History of a People Who Were Not Heroes: A Town Portrait, 1994. Wood, glass, steel, clay tablets, black and white photographs, video, and stereo sound, dimensions variable.

María Magdalena Campos-Pons: Rooting Dislocation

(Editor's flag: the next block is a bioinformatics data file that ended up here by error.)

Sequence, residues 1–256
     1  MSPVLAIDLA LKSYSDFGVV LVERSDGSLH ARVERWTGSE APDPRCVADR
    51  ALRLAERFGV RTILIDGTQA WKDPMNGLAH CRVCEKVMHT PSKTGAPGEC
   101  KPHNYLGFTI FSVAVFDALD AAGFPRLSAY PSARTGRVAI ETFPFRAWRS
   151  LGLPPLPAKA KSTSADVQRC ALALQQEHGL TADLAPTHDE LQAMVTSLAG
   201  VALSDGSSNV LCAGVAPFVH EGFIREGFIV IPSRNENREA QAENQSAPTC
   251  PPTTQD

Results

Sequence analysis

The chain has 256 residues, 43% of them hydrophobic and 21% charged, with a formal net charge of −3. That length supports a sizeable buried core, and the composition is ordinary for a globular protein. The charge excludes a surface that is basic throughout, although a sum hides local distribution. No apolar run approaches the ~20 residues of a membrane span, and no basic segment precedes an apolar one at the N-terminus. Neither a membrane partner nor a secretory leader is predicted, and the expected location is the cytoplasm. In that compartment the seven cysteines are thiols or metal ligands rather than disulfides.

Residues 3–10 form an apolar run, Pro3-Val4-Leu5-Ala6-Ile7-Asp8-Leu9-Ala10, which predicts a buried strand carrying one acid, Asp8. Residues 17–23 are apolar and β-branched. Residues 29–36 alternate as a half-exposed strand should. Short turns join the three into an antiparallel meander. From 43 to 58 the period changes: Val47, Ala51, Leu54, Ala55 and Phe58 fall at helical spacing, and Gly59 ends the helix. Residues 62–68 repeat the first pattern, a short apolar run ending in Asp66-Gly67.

When I met María Magdalena Campos- Pons in her Boston studio, she was gestating ideas for Documenta 14, thinking about installations in both Athens and Kassel. Her thoughts, figuratively and literally, germinated in a corner, where a branch of spindly potato plant–an invasive species that takes over everything– drew an awkward but tenacious line up the wall. “It’s a totally discardable plant, but with inner strength,” she explained. “Like me, it’s something that arrived as an alien and had to adapt to a new environment.” 1 She pointed out objects that serve as Afro-Cuban metaphors–ritual benches for holding sacred herbs during Santería religious rituals, blown glass symbolizing human frailty, a table made from car scrap of the kind common to the now pricey antique American cars zooming along El Malecon, Havana’s seaside drive. “I also want textures from ancient Cuban walls and from videos and music composed by my husband, Neil Leonard,” she said.…see the entire article in the print version of April’s Sculpture magazine.